Twilio's enterprise play: Champion devs, woo their bosses

The cloud communications API company wants to attract corporate developers and big them up to bosses

Twilio’s head of product marketing and developer relations, Manav Khurana

Twilio’s head of product marketing and developer relations, Manav Khurana

Twilio’s APIs are behind some of the essential features of Australia’s most popular apps. The ability for an Uber driver to text their next passenger, the voice call functionality of Airtasker and Whatsapp's number authentication were all built with the company's building blocks.

The cloud platform removes the slog of provisioning infrastructure and negotiating carrier contracts, giving developers the ability to embed messaging, voice and video to reach ‘nearly every phone on the planet’ with relative ease.

Digital-first, start-ups-done-good such as AirBnb, Freelancer, Deputy, Hulu, Lyft and Box formed a significant portion of the company's revenue last year (WhatsApp accounted for around 9 per cent of sales and Uber more than 10 per cent). But after listing in June last year Twilio is now looking to break the bigger, and more stable market of established enterprise brands.

CEO Jeff Lawson said last year, he wants Twilio to be thought of as “AWS for telecom”. The appointment of George Hu to the role of chief operating officer earlier this month — Hu is a former Salesforce COO — is telling of the company’s direction.

To succeed Twilio needs to woo developers working at big corporates – and their bosses too.

Twilio’s VP of product marketing, Manav Khurana, puts it this way: “Help the developer realise what they can do, then help the leadership team that has developers realise what a developer can do.”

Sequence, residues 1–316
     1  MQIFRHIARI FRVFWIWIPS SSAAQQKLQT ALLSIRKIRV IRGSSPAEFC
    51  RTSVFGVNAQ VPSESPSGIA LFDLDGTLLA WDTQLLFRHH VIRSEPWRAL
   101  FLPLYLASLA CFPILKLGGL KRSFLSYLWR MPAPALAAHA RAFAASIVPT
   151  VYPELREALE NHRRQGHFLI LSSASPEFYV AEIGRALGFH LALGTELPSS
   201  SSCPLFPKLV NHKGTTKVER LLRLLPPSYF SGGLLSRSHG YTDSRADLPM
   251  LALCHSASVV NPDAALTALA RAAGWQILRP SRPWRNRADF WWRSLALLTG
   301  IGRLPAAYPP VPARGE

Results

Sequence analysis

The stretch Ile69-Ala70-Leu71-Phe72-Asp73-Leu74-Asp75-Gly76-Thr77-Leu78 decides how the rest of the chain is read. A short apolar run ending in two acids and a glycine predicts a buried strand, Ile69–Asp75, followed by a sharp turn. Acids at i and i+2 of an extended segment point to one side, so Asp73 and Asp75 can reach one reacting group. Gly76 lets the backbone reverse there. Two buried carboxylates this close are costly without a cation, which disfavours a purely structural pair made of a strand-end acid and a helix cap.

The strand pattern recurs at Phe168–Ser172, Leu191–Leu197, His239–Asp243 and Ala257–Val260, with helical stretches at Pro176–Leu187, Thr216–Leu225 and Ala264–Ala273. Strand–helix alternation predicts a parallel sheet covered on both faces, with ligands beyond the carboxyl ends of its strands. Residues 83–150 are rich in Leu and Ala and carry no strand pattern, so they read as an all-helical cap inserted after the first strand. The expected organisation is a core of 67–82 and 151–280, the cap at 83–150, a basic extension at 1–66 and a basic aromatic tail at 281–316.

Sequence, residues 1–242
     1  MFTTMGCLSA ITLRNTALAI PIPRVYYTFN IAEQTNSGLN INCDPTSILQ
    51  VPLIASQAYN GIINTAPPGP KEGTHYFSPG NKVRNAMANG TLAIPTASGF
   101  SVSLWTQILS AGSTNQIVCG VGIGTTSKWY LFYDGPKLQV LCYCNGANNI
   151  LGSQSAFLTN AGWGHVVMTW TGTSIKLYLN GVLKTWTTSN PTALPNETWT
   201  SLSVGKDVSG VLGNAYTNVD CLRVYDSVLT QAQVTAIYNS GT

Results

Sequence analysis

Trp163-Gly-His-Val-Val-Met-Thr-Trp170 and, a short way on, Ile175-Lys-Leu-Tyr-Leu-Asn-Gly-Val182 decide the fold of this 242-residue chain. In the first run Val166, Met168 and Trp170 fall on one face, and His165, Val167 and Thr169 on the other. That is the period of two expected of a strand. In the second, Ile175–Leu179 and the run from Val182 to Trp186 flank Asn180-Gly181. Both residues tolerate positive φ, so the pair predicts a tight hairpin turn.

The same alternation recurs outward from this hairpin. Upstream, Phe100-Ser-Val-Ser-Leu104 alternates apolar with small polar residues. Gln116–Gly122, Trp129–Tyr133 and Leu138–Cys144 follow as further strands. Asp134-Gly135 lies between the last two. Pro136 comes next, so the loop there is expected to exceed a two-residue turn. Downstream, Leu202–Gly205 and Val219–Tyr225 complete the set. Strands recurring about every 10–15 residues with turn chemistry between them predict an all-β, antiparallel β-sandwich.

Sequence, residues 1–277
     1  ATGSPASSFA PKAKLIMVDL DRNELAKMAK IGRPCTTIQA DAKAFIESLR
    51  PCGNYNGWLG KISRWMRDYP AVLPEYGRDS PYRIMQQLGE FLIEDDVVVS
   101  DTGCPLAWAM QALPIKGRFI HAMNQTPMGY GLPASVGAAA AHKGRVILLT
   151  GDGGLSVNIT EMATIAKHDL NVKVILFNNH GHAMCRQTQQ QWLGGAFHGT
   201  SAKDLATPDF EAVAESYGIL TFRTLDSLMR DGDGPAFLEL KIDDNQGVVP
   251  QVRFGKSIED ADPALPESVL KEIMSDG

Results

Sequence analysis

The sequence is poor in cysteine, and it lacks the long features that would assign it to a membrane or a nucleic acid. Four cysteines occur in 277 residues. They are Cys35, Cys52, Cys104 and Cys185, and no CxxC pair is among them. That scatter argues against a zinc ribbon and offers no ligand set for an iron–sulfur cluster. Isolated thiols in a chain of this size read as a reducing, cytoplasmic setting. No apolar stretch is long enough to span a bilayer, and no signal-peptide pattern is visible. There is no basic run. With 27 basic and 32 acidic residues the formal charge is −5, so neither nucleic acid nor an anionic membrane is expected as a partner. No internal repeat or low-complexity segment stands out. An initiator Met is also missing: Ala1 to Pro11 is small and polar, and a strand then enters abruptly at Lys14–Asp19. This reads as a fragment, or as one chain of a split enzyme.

Growing on the grapevine

Twilio, along with Stripe and AWS, was an early example of the business to developer – B2D – model. The company’s marketing has generally been through word-of-mouth in the developer community, with presence on the messageboards and at the hackathons where devs discuss their work.

“The growth we’ve had so far has all been organic,” Khurana told Computerworld. “It’s developers and product owners that have discovered Twilio, either they’ve heard it from their friend who has done something great with Twilio, or they were searching online and go ‘oh that’s cool I can do this now’.”

The approach has worked so far. As of June last year, Twilio claims it had more than a million developers registered on the platform, and more than 100,000 paying customer accounts.

Some of those developers are “on the decision making table no question” of the companies they work for, sometimes they are founders, says Khurana. But that’s far less common in larger enterprises.

In a bid to win the attention of corporate developers, in September, the company launched the Twilio Enterprise Plan, packaging in advanced security, access management, and administration features. ISO 27001 Information Security Management System certification was added in January.

Essentially, the package quelled the concerns of the enterprise developers’ many stakeholders, Khurana says.

“If she’s at Uber or General Electric, she wants to innovate at same speed and using same tools,” he explains. “But at a larger business she needs to go through the security team, the purchasing team, the DevOps team, to get that approval. And that often takes months if not years, and that’s what’s holding larger companies back and smaller enterprises get up their faster.”


While convincing developers of Twilio’s potential, the company is also promoting corporate developers to their executive bosses.

“The next part is more for the leadership team in IT, to realise that the answer to the customer experience question, the answer to the digital experience question actually lies with their developers. They can own their roadmap if they ask the developer to solve those problems.”

The success of customers like Uber makes enterprises ask "what are they doing that I'm not doing", says Khurana, but there's more convincing to be done.

When he spoke to Computerworld, Khurana had just come from a business lunch where he’d been evangelising developers to major corporate prospects.

“We obviously are focusing a lot on enterprise adoption. And we do need to convince the corporates that they should ask their developer. That’s a challenge were actively addressing,” he says.

“The role of the developer in a larger company – there’s still work to be done around the awareness of what she can do and how far she can go.”

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